4 Key Issues to Avoid during Pregnancy

Staying healthy during your pregnancy is vital for you and your baby. Here’s a few tips that should help you have a healthier pregnancy:

1. Dehydration: your blood volume increases; fluid is needed for the amniotic fluid that surrounds the foetus; you lose more fluids if/when you experience morning sickness through vomiting (hyperemisis gravidarium in extreme cases – the NHS information on this condition is worth reading) and you need to supply your growing baby with good nourishment. Reduced fluid intake will affect all of these areas.

2. Overheating: there is the potential to affect the development of your baby if your core temperature is elevated above normal. During pregnancy your blood flow is increased and metabolic rate is higher – both mean you will tend to feel warmer anyway, add in exercise and that will increase.

3. Avoid laying flat on your back: especially for prolonged periods and particularly after the first trimester. The weight of the foetus may press on the vena cava (major blood vessel returning blood to the heart), making you feel faint, and reducing oxygen levels to the foetus.

4. Activities to avoid: contact sports, activities where there’s a risk of falling (eg horse riding) and any activity involving high impact (eg. running if you’re not used to it). All of these can put you and the foetus at risk of harm, but if you are accustomed to doing the activity then it could be perfectly fine to continue, perhaps with some moderation. The best advise is to speak to your GP, midwife or healthcare professional to ask their opinion.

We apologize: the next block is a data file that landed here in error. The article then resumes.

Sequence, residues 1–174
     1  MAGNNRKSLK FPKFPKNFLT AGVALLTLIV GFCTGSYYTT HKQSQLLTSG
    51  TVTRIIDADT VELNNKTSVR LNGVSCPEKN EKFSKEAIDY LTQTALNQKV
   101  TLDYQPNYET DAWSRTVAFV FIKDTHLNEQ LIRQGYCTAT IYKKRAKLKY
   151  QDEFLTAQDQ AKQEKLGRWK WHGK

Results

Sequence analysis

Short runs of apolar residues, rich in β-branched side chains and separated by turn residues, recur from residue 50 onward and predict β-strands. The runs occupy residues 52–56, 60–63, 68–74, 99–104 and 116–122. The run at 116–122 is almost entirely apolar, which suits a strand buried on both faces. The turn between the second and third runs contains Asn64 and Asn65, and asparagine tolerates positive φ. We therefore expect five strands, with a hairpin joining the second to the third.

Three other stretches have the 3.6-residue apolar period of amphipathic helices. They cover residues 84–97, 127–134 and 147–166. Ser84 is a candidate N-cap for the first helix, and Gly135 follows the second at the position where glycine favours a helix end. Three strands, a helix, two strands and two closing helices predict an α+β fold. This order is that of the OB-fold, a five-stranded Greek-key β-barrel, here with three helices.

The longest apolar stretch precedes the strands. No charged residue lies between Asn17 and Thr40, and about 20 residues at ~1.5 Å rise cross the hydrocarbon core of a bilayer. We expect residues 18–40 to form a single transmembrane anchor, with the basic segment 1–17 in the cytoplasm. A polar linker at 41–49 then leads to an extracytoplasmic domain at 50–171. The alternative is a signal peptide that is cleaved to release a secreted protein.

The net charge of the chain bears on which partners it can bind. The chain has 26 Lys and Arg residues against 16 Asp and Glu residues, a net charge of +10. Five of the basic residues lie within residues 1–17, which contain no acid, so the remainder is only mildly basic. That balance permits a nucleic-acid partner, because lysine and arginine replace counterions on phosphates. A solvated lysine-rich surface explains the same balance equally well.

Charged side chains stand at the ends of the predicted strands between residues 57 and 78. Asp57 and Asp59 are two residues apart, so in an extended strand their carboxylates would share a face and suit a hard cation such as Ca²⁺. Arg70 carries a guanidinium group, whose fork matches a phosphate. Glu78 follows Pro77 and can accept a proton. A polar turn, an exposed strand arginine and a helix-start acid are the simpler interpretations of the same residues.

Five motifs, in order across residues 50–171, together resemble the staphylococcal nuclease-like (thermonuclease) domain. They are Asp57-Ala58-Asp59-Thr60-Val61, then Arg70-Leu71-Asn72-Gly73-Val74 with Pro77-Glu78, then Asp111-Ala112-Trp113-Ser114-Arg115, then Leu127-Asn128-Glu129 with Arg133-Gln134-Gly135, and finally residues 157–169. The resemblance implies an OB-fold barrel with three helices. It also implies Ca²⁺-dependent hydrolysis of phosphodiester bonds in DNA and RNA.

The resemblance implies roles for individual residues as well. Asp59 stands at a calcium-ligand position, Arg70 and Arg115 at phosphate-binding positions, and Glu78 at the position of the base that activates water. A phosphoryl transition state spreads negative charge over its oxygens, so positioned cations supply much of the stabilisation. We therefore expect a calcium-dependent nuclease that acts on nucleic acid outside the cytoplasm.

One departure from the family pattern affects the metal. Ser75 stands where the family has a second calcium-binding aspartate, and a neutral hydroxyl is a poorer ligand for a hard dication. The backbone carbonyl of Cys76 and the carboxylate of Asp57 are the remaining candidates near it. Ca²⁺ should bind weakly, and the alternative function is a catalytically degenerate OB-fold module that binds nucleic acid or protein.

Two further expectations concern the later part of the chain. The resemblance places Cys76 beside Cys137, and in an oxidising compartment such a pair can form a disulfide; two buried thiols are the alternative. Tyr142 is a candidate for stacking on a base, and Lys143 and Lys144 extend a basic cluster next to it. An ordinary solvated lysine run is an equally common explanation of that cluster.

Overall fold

Stop exercising if you experience any of the following (taken from the RCOG leaflet on Recreational Exercise and Pregnancy):

● dizziness or feeling faint
● headache
● shortness of breath before exertion
● difficulty getting your breath whilst exercising
● pain or palpitations in your chest
● pain in your abdomen, back or pubic area
● pain in your pelvic girdle
● weakness in your muscles
● pain or swelling in your leg/legs
● painful uterine contractions or preterm labour
● fewer movements from baby
● leakage of your ‘waters’ (amniotic fluid)
● bleeding

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rcog logoReference: RCOG leaflet: https://www.rcog.org.uk/globalassets/documents/patients/patient-information-leaflets/pregnancy/recreational-exercise-and-pregnancy.pdf


Read this article too….5 Tips for a Healthier Pregnancy

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